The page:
What is the penalty for a HIPAA violation?
- By Morgan Brown
- Published on January 9, 2014
HIPAA violations are expensive. The penalties for noncompliance are based on the level of negligence and can range from $100 to $50,000 per violation (or per record), with a maximum penalty of $1.5 million per year for violations of an identical provision. Violations can also carry criminal charges that can result in jail time.
Fines will increase with the number of patients and the amount of neglect. Starting with a breach where you didn’t know and, by exercising reasonable diligence, would not have known that you violated a provision. To the other end of the spectrum where a breach is due to negligence and not corrected in 30 days. In legalese, this is known as mens rea (state of mind). So fines increase in severity from no mens rea (didn’t know) to assumed mens rea (willful neglect).
The fines and charges are broken down into 2 major categories: “Reasonable Cause” and “Willful Neglect”. Reasonable Cause ranges from $100 to $50,000 per incident and does not involve any jail time. Willful Neglect ranges from $10,000 to $50,000 for each incident and can result in criminal charges.
HIPAA violation categories and their respective penalty amounts are outlined in the chart below:
||Amount per violation
||Violations of an identical provision in a calendar year
|Did Not Know
||$100 - $50,000
||$1,000 - $50,000
|Willful Neglect — Corrected
||$10,000 - $50,000
|Willful Neglect — Not Corrected
Source: HHS, Federal Register.gov
Addressable does not mean optional. This is a point that we made in a previous post How do I become HIPAA compliant? (a checklist), but it cannot be stressed enough. The vast majority of data breaches are due to stolen or lost data that was unencrypted. When in doubt, you should implement the addressable implementation specifications. Most of them are best practices.
Breaches can occur when employees lose unencrypted portable devices, mistakenly send PHI to vendors who post that information online, and disclose personally identifiable, sensitive information on social networks. All examples from actual cases. Employee training and adherence to security policies and procedures is extremely important.
Data Stored on Devices
Almost half of all data breaches are the result of theft. When laptops, smartphones, etc. are unencrypted the risk of a breach increases considerably. With TrueVault, your data is safely stored off-premise; so that stolen laptop just has a token on it, and no PHI is compromised.
Almost two-thirds of data breaches involved a business associate. Meaning that you delegated a covered function or activity to someone, and that someone messed up. So pick your partners carefully. Some of the largest breaches reported to HHS have involved business associates. As a result, the final omnibus rule expanded many of the requirements to business associates and greatly enhanced the government’s ability to enforce the law.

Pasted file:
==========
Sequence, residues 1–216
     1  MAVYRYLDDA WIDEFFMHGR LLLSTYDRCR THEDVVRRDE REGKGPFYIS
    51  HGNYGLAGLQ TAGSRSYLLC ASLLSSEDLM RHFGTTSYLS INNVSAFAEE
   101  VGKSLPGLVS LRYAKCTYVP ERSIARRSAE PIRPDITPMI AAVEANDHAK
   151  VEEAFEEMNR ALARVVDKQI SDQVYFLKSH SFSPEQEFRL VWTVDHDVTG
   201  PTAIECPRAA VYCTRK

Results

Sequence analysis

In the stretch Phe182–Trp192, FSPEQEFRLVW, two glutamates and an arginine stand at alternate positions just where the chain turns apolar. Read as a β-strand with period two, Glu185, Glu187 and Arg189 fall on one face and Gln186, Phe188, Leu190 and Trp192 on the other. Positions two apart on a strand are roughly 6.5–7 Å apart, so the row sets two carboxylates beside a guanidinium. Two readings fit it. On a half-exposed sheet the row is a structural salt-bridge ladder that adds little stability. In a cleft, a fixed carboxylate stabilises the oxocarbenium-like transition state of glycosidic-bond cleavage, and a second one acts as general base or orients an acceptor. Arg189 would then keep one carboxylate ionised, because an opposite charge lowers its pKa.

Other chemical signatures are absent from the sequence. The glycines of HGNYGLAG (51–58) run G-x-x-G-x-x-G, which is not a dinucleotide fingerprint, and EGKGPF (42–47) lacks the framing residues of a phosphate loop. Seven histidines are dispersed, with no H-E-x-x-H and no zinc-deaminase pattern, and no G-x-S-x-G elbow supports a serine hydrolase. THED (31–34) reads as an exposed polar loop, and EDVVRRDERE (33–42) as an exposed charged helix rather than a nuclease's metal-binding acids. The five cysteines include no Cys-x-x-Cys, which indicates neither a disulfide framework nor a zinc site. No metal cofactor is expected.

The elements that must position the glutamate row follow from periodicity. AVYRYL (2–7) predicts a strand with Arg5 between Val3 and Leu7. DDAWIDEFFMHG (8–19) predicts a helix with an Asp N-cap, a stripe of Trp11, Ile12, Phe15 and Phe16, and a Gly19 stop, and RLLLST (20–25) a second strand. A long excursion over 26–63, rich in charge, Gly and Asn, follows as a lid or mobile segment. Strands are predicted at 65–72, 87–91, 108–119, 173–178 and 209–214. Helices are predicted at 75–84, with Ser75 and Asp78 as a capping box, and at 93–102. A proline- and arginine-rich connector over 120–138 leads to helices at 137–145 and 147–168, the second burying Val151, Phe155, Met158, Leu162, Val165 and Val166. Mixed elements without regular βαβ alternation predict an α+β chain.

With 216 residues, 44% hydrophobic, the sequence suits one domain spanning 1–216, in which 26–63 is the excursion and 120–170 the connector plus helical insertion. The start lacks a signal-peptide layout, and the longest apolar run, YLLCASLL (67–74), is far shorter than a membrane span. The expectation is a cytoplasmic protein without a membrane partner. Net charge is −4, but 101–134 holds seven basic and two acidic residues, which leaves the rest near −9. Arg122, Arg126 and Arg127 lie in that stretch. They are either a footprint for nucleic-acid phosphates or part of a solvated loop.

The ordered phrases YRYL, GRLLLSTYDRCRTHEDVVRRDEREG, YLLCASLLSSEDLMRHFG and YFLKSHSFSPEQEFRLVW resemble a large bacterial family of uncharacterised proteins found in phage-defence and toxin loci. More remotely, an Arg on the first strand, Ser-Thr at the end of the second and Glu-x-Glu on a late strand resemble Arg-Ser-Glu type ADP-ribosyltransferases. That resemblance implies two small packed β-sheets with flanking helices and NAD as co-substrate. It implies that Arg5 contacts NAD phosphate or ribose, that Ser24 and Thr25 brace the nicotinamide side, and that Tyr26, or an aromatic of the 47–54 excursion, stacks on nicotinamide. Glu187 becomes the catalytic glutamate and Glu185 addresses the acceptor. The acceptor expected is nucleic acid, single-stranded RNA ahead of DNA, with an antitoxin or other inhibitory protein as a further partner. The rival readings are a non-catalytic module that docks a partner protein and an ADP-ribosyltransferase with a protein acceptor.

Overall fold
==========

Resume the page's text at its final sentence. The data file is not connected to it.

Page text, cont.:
What sort of penalties are we talking about? Check out this chart with fines levied in years past:
||Online database application error.
|Alaska Department of Health and Human Services
||Unencrypted USB hard drive stolen, poor policies and risk analysis.
||Did not have technical safeguards in place to verify the person/entity seeking access to PHI in the database. Failed to conduct a tech eval in response to software upgrade.
|Blue Cross Blue Shield of Tennessee
||57 unencrypted hard drives stolen.
|Massachusetts Eye and Ear Infirmary and Massachusetts Eye and Ear Associates
||Unencrypted laptop stolen, poor risk analysis, policies.
|Affinity Health Plan
||Returned photocopiers without erasing the hard drives.
|South Shore Hospital
||Backup tapes went missing on the way to contractor.
|Idaho State University
||Breach of unsecured ePHI.
|Shasta Regional Medical Center
||Inadequate safeguarding of PHI from impermissible uses and disclosures.
|Phoenix Cardiac Surgery
||Internet calendar, poor policies, training.
|The Hospice of Northern Idaho
||Breach of unsecured ePHI. Unencrypted laptop stolen, no risk analysis.
Source: HHS, Case Examples and Resolution Agreements
Looking at this chart we can conclude that HHS does not like people storing unencrypted PHI on mobile devices. What we don’t see yet are fines levied against business associates. 2014 is the first year where business associates will be audited and fined. Smart money says that the first fines levied against business associates will be passed down toward the end of this year.
If this article makes you nervous, then this might be a good time to revisit your organization’s HIPAA compliance program. The good news is that not every PHI breach ends in a fine. If you can show that you have made a reasonable effort to comply with HIPAA then you may not be dinged.